Putting Prepositions at the End of Sentences: A Stylistic Choice or an Error?

By Alexander Pralea, Editor

This question, whether one can place prepositions at the end of sentence, has ruffled grammarians for the past century, pitting modernists against traditionalists. It is highly loaded question, one that affects other hazy aspects of grammar. To discover the answer and the reason why many scholars argue for and against it, one must analyze the history of how English developed, especially through its contact with Latin.

Latin, in contrast to English, is a heavily inflected language with completely alien grammar. In other words, Latin modifies its nouns and adjectives to match gender, case (essentially purpose in a sentence), and number, and it conjugates its verbs to match tense, person, aspect, and mood. Because suffixes indicate the grammatical purpose of a word, subject, direct object, etc., Latin word order is also far freer. A simplified Germanic language, English shares none of these qualities. Descending from Proto-Germanic, an unattested but hypothesized root language of German, Dutch, and the Scandinavian languages, English once included four cases, nominative, accusative, dative, and genitive. English, however, has ridden itself of these cases in its long history because of a wide range of reasons, the most important being contact with other languages.

Rome had colonized Great Britain extensively for a much longer period than it colonized a country like Romania, where a Romance language is still spoken, yet England quickly abandoned Latin in favor of the language of its invaders, Anglo-Saxon. Hailing from around Denmark, these “barbarians” spoke a language intelligible to the West Germanic dialects of Germany and the Netherlands. This language, as discussed earlier, featured four cases and prominent subjunctive forms. The fault for this astonishing simplification, which did not occur in German and Icelandic, lies in the Vikings, who would attack Britain’s shores for hundreds of years. These pillaging peoples too spoke a Germanic language, though theirs had diverged significantly by the time of their first contact with the Anglo-Saxons. For example, an Anglo-Saxon word that was feminine and followed certain declension patterns was masculine in the Viking dialect and followed completely different declension patterns. This, of course, reduced intelligibility, causing English to eschew many of the complex grammatical features that hindered communication. English, though, remained predominantly Germanic in its vocabulary until the Norman invasion of it in 1066.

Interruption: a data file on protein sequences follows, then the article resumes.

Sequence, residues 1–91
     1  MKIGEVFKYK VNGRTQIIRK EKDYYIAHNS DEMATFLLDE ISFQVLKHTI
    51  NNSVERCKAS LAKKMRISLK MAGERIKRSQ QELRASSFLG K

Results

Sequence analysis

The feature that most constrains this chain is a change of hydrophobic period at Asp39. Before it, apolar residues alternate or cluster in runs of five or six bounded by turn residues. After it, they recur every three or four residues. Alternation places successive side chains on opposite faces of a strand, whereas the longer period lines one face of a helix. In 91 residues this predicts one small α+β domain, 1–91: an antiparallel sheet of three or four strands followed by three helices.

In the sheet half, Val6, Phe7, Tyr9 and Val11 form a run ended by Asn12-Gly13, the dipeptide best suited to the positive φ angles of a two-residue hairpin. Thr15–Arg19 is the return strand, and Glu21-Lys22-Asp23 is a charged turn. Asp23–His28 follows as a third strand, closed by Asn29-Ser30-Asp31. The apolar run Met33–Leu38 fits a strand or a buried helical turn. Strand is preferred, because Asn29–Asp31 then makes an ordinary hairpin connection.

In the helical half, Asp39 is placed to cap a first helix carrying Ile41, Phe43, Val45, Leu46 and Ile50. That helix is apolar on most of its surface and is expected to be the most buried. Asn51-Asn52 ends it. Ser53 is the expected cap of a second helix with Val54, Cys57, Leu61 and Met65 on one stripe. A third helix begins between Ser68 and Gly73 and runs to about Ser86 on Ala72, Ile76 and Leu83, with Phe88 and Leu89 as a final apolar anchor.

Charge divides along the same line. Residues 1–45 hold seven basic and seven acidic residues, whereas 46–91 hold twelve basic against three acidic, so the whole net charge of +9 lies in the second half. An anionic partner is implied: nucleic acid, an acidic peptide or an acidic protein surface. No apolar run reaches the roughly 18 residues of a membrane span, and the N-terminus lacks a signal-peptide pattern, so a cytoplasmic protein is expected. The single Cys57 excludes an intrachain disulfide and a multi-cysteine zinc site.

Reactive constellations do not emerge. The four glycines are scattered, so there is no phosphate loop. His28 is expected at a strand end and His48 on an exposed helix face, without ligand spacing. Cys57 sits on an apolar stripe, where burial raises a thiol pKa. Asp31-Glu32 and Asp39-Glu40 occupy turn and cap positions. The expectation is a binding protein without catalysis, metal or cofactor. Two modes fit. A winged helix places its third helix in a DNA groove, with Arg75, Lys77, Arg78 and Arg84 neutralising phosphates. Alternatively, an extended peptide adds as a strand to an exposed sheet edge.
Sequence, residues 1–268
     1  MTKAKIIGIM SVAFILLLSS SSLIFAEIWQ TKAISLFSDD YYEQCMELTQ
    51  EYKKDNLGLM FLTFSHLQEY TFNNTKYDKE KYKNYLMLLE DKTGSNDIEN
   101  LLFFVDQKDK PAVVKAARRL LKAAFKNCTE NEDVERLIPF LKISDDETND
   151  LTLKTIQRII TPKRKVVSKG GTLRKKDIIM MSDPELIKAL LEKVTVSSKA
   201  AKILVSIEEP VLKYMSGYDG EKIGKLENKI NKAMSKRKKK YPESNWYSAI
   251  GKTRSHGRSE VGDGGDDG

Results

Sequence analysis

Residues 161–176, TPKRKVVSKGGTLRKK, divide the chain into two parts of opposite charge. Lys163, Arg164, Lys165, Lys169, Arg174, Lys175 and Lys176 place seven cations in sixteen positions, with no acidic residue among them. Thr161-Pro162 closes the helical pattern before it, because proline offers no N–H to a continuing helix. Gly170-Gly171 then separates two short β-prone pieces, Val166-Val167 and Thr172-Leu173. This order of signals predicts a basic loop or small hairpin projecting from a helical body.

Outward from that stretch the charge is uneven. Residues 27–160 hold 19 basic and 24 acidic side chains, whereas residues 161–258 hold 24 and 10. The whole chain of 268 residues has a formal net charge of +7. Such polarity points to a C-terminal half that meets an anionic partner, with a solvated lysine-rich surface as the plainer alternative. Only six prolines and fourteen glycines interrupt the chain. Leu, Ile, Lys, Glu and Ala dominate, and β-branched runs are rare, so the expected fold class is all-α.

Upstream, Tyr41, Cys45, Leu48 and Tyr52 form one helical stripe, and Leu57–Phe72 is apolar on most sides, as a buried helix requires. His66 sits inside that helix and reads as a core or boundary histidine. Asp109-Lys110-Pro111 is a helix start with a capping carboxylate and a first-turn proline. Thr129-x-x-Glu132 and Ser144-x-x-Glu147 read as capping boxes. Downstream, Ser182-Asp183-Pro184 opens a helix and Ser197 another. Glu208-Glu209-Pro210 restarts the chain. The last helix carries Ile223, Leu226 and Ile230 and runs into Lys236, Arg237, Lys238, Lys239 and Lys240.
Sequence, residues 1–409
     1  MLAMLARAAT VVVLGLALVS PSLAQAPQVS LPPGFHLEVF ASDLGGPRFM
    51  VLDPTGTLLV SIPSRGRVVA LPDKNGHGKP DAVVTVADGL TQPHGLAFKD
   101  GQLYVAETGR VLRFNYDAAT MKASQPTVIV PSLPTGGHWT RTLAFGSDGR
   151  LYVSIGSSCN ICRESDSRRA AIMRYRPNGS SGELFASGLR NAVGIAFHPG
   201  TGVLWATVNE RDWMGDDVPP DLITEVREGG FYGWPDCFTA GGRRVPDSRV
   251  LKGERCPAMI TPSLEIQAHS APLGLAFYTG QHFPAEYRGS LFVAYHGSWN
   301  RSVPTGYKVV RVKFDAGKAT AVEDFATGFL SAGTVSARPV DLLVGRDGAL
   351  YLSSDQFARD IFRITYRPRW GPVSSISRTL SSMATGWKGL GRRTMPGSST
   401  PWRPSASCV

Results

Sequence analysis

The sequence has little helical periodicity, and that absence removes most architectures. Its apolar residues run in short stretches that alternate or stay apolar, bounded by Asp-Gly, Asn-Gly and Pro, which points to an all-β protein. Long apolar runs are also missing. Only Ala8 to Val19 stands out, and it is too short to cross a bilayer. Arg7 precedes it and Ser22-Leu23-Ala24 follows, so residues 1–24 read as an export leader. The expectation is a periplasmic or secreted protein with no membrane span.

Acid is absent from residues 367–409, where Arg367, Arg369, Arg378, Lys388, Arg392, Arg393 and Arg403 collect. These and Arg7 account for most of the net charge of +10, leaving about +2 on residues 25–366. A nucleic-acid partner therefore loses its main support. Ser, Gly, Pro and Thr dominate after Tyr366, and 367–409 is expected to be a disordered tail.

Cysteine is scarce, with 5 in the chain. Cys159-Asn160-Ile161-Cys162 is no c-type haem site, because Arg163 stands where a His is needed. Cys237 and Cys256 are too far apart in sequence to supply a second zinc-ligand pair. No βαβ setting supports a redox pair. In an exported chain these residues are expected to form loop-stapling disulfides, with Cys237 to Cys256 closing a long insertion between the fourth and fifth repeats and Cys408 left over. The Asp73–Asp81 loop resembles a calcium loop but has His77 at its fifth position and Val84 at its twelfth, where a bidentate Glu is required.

In 1066, a Norman Duke named William battled against Harold II for control of the English throne. William the Conqueror’s victory in the Battle of Hastings, as immortalized in the Bayeux Tapestry, changed English forever. Originating from Normandy, William the Conqueror spoke Norman, a dialect of French with substantial Norse influence. Due to this, French and Latin assumed a prominent role in England, eclipsing Anglo-Saxon completely, which was not written again until the thirteenth century. A new elite arose, one that spoke Norman French, a language completely alien to the peasant speakers of Anglo-Saxon. French became the language of the courts, the state, and business, a fact that had a large influence on Middle English. These words, while not as common as everyday Germanic words, represented the concepts of high culture that were not found in the mundane life of a peasant. A striking example of the dichotomy between the roles of English and French persists today in the words for animals and their eaten forms. Anglo-Saxon peasants oversaw the raising of pigs, chickens, cows, and sheep, and thus gave their alive forms Germanic names. The French elite were those that consumed the pigs, chickens, cows, and sheep, resulting in the modern words “pork”, “poultry”, “beef”, and “mutton”.

This form of Middle English existed until the fifteenth century, at which point prominent sound shifts transformed Middle English into Modern English. The English that had been spoken at this time still regarded split infinitives as correct. Shakespeare, considered among the best English poets of all time, ended sentences with prepositions. This misconception originates in the writings of an eighteenth-century Englishman named Robert Lowth (O’Conner 210). A clergyman and Latin scholar, he published the first widespread grammar book to disseminate this idea that prepositions should not appear at the end of sentences. Today, his “rules” have fallen out of fashion for creating awkward, abstruse sentences. A sentence, almost certainly falsely attributed to Winston Churchill, expresses this point: “Ending a sentence with a preposition is something up with which I will not put.”

English has always been an evolving language. As it has come in contact with other languages, it has adopted some of their features and has even sloughed off some of its more antiquated features. What was true of English a hundred years ago is not necessarily true today. This statement, however, does not justify flagrant errors, such as confusing “your” and “you’re”. Moreover, it is not incorrect to follow these rules apropos of prepositions at the end of sentence. Placing prepositions next to their objects is advisable in formal contexts and can even clean up sentences but is by no means necessary. In informal contexts and questions, placing prepositions at the end of sentences is advisable to facilitate understanding. Nonetheless, problems emerge when one attempts to modify English grammar to suit his/her (not their) needs, especially when it results in a lack of clarity and conciseness.




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